- Will Immigration Reform Ever Succeed Again? The Legacy of IRCA & Its Enduring Lessons June 12, 2019This sure-to-be provocative discussion showcases the new book by Charles Kamasaki, Immigration Reform: The Corpse That Will Not Die, and will explore the lessons that can be learned from the Immigration Reform and Control Act of 1986, its intended and unintended consequences, and how the law’s legacy has shaped contemporary politics surrounding immigration.Migration Policy Institute
- Refugees and Asylees in the United States June 11, 2019The United States has historically been the top country for refugee resettlement, but was surpassed in 2018 by Canada amid record cuts to admissions by the Trump administration. Approximately 22,500 refugees were resettled in the United States during fiscal year 2018, as well as 26,500 asylees. This article examines where these newcomers came from and […]Migration Policy Institute
- “Merit-Based” Immigration: Trump Proposal Would Dramatically Revamp Immigrant Selection Criteria, But with Modest Effects on Numbers May 30, 2019The Trump administration’s plan to create a "merit-based" U.S. immigration system, lessening the longstanding focus on family reunification in favor of more economic migrants, has met with a lackluster response from Democrats and Republicans alike. This Policy Beat article explores how the Trump proposal would reshape immigration to the United States, and how it compares […]Migration Policy Institute
- 16th Annual Immigration Law and Policy Conference May 28, 2019The 16th annual conference will feature thoughtful policy and legal analysis and discussion of the most important immigration topics from leading government officials, attorneys, researchers, advocates, and others.Migration Policy Institute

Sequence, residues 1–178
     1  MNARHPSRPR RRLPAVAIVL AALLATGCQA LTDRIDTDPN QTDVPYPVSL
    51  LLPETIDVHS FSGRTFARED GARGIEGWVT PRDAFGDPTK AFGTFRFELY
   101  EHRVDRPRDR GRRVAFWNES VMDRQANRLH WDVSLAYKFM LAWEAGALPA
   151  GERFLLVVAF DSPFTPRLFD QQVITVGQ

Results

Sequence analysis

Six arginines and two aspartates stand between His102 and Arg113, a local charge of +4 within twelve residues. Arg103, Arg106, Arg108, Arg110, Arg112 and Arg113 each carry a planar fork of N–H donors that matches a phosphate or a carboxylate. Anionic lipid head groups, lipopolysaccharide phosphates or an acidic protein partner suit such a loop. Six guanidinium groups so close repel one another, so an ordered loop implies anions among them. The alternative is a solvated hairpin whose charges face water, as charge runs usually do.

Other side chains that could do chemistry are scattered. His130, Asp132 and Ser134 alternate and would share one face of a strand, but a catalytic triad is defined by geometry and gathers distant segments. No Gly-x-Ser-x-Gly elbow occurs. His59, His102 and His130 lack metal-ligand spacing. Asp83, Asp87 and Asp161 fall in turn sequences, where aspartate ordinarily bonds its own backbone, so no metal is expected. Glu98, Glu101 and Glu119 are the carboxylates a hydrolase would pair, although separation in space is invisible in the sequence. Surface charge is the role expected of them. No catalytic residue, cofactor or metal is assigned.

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- "Merit-Based" Immigration: Designing Successful Selection Systems May 17, 2019With the U.S. administration calling for the United States to adopt a more “merit-based” immigrant selection system, this conversation focused on what policymakers should consider in designing—and managing—immigrant selection systems in a time of intense labor-market and demographic change.Migration Policy Institute
- Immigrant Veterans in the United States May 13, 2019Approximately 530,000 foreign-born veterans of the U.S. armed forces resided in the United States in 2018, accounting for 3 percent of the 18.6 million veterans nationwide. Immigrant veterans tend to have higher education levels and household incomes compared to native-born veterans, and the vast majority are naturalized citizens, as this data-rich article explores.Migration Policy Institute
- A Mirror for the Nation? The Changing Profile of Mexican Immigrants in Texas May 9, 2019At this discussion, experts from MPI and Southern Methodist University’s Texas-Mexico Center offer an overview of trends and key characteristics of highly skilled Mexican adults at the national level and for Texas, including educational levels by legal status and top industries of employment across Texas metro areas. They also discuss the policy implications of these […]Migration Policy Institute
- "Merit-Based" Immigration: Designing Successful Selection Systems May 9, 2019MPI and OECD experts discuss what policymakers should consider in designing and managing immigrant selection systems in a time of intense labor-market and demographic change.Migration Policy Institute
- A Profile of Highly Skilled Mexican Immigrants in Texas and the United States May 8, 2019U.S. debates about immigration from Mexico often center on the low skilled, but this analysis shows a population in change. Nearly one in five Mexican immigrants arriving between 2013-17 had a college degree, compared to slightly more than 1 in 20 during the 1996-2000 period. Mexicans now make up the fourth-largest group of highly skilled […]Migration Policy Institute